New research finds the time of day when a student takes a class can affect the major selected later in the academic career.
By Stacy KishMedia Inquiries
- Dietrich College of Humanities and Social Sciences
A major can have a significant impact on a student’s future. One would think that this decision would warrant thoughtful deliberation, but for many students this decision may hinge on the time of day a class is taken. New research from Carnegie Mellon University shows that fatigue during an introductory class, either from time of day (7:30 a.m.) or back-to-back classes, can deter a student from pursing that subject as a major.
Kareem Haggag, assistant professor at CMU’s Dietrich College of Humanities and Social Sciences, and his colleagues examined the role of attribution bias in the selection of a college major. Attribution bias describes how temporary states can influence future decisions.
“Your college major is a really important decision that can shape happiness in college, career potential, and future earning,” said Haggag. “We’re often working on very little to make that important decision. We might get exposure to a subject through a single class, and it can be difficult to separate how much we enjoyed a subject from other kinds of fleeting influences, like whether we were just tired because of when that class happened to be scheduled.”
Haggag discusses attribution bias and the results of this study on NPR’s Hidden Brain podcast.
The research team analyzed the academic records of the more than 18,000 students who attended the United States Military Academy, which offers 38 majors within basic science, engineering, humanities and social sciences, from 2001 to 2017. In the analysis, they focused on 14 classes that map directly to a major. During freshman year, USMA students are randomly assigned to four core classes.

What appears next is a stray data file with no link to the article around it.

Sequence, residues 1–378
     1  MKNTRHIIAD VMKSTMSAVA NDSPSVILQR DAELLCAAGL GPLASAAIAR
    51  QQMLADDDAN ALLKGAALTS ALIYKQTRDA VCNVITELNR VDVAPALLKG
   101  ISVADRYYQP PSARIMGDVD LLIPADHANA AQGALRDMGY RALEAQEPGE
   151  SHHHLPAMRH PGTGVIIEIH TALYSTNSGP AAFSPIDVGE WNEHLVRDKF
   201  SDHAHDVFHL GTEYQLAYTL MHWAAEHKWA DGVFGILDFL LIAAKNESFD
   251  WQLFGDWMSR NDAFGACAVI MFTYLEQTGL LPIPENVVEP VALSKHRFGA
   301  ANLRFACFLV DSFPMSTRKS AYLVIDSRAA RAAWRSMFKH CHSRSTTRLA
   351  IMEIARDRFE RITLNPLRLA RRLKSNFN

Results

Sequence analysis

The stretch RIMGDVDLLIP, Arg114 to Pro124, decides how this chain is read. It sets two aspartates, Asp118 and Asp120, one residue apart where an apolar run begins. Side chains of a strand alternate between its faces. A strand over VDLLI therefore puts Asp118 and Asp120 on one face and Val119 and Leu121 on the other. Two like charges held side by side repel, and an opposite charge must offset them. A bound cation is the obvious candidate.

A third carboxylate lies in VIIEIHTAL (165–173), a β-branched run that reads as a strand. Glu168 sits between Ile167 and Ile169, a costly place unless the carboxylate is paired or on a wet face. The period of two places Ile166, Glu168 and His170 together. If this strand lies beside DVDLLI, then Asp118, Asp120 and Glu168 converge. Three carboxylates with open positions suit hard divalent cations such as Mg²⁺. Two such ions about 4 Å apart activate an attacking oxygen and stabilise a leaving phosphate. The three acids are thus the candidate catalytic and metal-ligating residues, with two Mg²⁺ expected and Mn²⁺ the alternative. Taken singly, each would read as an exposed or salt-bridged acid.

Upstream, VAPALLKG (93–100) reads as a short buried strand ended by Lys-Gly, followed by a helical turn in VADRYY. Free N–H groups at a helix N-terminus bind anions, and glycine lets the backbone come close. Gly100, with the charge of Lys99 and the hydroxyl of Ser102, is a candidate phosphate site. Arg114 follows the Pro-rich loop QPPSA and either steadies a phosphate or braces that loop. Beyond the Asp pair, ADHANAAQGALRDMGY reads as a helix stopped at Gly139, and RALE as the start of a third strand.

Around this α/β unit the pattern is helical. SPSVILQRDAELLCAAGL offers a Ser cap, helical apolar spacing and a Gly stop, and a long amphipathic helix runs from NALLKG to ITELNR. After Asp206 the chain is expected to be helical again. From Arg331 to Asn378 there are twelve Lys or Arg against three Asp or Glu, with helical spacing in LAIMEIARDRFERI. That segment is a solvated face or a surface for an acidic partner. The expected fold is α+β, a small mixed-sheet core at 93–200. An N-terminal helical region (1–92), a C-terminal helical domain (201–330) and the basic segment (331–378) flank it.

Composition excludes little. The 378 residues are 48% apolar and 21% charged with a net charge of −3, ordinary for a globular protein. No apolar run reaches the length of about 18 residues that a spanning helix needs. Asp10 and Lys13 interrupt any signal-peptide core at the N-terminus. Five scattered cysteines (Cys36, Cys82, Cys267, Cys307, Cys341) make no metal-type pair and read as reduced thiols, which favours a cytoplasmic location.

The researchers found that being assigned to a core class early in the morning (7:30 a.m.) reduced the likelihood that the student would choose that class’s corresponding major by about 10 percent. In addition, they found that each back-to-back class (i.e. classes with no breaks in between) decreased the likelihood that a student would select the corresponding major by about 12 percent.
Haggag was unable to verify fatigue for each student; however, the random mix of students for the afternoon classes provides stronger support for the fatigue argument.
While these results are fascinating, more work is necessary to know whether the findings would be similar at other academic institutions.
Ana Maria Ulloa-Shields, assistant dean and director of Dietrich College’s Academic Advisory Center, said students have a lot to learn about being a college student as they move from a very structured environment in high school to one of choice. She finds more and more Dietrich students are waiting to declare a college major until their sophomore year.
“Students are often afraid of making a wrong decision,” Ulloa-Shields said. “They want to wait and take a few classes to ensure they will be successful in a major.”
While performance in a course can color a student’s perspective, Ulloa-Shields cautions it is only one of several data points. She stresses that one negative performance does not dictate future success in a major.
“Wellness is important,” Ulloa-Shields said. “In the Academic Advisory Center, we are here to help students design their schedule in a way that allows them to see opportunities for breaks and meals to ensure they are engaged, alert and will do their best.”
Haggag was joined on this study by Nolan Pope at the University of Maryland and Richard Patterson and Aaron Feudo at the United States Military Academy.